I facilitated a great company retreat last week. It’s something I really enjoy. And I’m pretty good at doing them, too. I find them to be fun, interesting and I get to see some of the results right away. I don’t mean to boast, but all my clients have said it was worth far more than the time and money invested.
Retreats are one of the best ways I know to work on your business instead of just in it. Maybe they should be called “Advances.” They create a perspective that’s virtually impossible to achieve while you’re in the midst of the workplace.
Every company or department—big or small—should do a retreat at least once a year—maybe twice. Stepping back, reflecting on where you’ve been, asking probing questions and establishing priorities on where and how to move forward in this type of an environment cannot be duplicated.
I get asked this question often. When you own a business called Success Networks (SuccessNet.org), it’s reasonable for one to want to know what we mean by success.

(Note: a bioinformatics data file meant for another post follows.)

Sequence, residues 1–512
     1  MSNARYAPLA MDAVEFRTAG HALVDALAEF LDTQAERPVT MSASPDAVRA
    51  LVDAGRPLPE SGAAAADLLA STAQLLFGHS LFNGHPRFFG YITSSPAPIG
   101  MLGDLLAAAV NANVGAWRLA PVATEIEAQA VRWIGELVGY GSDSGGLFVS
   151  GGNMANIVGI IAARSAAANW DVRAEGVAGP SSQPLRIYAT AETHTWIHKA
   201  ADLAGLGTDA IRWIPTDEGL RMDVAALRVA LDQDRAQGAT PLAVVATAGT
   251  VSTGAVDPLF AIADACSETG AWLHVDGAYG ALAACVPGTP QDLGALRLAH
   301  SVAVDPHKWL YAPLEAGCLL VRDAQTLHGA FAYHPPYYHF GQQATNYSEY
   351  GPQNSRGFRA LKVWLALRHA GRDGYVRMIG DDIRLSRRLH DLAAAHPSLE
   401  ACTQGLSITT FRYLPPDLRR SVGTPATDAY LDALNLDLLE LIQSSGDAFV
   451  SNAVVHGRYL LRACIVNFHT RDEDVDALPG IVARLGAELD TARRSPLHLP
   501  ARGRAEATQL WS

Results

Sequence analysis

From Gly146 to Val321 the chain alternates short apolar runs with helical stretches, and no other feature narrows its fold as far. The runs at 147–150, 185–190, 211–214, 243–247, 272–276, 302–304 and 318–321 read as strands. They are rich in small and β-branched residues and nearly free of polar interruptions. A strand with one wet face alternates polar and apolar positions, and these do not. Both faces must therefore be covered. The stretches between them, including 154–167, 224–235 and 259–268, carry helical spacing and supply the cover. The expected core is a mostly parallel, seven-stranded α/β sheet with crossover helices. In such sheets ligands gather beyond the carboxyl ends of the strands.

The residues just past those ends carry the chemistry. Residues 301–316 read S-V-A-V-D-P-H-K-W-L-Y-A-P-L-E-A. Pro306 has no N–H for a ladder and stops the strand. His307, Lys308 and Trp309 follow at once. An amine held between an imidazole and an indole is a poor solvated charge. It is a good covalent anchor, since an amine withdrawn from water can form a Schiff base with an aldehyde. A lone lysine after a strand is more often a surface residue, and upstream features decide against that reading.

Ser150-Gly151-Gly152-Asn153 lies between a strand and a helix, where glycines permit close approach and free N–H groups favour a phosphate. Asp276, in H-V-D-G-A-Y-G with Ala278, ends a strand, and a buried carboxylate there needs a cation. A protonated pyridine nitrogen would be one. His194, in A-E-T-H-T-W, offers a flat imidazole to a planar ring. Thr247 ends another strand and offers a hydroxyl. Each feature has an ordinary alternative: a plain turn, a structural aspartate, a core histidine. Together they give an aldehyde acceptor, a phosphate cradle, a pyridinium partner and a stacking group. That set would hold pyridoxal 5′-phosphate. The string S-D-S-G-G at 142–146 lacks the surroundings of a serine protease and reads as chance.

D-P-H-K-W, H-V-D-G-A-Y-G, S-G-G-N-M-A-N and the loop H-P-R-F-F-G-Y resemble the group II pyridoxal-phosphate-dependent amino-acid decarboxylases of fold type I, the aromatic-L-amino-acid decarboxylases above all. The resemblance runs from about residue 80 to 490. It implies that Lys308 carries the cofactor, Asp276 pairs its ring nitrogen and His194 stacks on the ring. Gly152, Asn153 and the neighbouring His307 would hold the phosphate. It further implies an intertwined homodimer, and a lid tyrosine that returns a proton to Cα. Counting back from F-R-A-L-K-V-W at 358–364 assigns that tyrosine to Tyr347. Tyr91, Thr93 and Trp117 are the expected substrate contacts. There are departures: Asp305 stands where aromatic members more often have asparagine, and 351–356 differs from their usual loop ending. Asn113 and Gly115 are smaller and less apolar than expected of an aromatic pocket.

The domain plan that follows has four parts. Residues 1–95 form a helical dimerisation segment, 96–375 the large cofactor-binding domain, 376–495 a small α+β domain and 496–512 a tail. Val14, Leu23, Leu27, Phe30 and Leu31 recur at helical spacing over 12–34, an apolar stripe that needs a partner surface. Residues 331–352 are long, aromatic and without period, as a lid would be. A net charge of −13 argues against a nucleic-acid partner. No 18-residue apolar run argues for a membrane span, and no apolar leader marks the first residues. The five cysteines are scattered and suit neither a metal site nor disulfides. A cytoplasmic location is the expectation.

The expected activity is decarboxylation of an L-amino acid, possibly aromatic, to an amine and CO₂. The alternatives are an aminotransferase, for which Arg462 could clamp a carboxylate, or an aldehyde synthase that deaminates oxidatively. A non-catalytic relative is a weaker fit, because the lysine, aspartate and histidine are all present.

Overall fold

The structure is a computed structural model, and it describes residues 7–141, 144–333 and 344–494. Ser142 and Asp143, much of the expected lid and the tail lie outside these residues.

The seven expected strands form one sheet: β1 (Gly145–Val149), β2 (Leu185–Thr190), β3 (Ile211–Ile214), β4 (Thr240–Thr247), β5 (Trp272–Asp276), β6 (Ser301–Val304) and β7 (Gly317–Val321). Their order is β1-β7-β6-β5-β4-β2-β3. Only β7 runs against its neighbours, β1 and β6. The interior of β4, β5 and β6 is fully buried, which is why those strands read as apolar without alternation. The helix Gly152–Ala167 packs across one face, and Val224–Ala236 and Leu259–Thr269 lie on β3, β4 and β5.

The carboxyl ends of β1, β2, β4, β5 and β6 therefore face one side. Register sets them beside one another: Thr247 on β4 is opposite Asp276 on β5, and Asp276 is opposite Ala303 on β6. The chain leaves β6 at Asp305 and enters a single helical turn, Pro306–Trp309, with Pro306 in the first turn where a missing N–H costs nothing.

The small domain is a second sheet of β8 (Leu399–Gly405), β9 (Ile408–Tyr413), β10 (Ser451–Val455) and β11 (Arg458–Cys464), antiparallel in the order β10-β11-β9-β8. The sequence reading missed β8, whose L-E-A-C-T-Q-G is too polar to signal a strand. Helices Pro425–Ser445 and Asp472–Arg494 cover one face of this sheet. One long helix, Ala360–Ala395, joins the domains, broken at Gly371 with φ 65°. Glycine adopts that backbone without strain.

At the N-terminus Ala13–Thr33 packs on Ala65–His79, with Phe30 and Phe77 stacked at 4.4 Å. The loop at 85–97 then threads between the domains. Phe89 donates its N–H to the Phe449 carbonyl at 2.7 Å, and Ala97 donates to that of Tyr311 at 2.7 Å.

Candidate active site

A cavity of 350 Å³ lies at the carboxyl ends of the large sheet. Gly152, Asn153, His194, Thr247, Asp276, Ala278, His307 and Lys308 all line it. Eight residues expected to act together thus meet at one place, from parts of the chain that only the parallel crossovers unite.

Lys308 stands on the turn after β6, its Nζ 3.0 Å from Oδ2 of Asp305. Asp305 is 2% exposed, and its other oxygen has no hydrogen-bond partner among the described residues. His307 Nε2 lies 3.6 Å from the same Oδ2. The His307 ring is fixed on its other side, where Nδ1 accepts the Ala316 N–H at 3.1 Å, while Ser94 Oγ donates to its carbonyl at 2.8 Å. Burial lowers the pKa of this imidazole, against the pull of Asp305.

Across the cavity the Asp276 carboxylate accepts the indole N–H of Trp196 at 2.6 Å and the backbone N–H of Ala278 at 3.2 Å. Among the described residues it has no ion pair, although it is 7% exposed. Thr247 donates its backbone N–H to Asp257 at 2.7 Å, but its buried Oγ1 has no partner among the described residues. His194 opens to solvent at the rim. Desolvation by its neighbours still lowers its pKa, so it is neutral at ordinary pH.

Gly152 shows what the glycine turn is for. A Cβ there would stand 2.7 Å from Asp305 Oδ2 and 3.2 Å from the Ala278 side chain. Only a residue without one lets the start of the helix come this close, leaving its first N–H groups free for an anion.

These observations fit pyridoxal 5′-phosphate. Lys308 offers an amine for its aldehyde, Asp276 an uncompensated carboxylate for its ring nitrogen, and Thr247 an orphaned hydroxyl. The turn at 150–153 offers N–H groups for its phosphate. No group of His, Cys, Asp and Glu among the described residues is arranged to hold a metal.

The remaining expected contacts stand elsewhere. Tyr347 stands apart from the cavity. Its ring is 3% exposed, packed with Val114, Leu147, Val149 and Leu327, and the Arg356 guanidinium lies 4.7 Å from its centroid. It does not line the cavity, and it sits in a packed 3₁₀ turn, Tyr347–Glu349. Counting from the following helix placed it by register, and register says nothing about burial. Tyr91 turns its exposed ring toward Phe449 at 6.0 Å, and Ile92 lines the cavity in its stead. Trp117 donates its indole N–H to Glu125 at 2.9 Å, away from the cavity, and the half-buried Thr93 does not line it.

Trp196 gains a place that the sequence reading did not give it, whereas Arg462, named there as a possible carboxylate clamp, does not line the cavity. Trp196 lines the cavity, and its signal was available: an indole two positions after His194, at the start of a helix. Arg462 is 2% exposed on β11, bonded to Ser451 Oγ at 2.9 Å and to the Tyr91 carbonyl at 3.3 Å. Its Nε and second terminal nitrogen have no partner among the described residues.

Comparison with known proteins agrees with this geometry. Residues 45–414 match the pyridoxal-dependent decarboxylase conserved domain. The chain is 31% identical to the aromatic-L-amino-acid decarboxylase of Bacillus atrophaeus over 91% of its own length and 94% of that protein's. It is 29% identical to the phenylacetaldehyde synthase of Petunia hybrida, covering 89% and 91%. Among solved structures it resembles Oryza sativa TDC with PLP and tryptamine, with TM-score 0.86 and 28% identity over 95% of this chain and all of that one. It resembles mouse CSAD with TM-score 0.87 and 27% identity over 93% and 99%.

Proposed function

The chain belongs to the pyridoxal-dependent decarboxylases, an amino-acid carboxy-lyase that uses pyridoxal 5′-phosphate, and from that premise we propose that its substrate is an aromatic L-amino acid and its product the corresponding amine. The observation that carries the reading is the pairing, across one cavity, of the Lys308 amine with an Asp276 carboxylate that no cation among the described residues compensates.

And I’ve always hastened to say that it’s not about money, power and fame—although those things can certainly be part of success and often are.
Ultimately, success is in how you define it. It’s different for everyone.
And define it you must. Otherwise, you’ll always be seeking something more or something else and never actually feel successful.
If you define a successful life only in terms of what you accumulate, I do think you’ll miss out on a great deal of satisfaction, happiness and fulfillment. And we all want that.
Most people think that the purpose of a business is to make a profit. I don’t agree.
Profits are part of business, for sure—a very important part.
But if profits are looked upon as the main reason for being in business, it’s unlikely there will be much in the way of earnings—at least not in the long haul.
I see profits in business being akin to eating in life.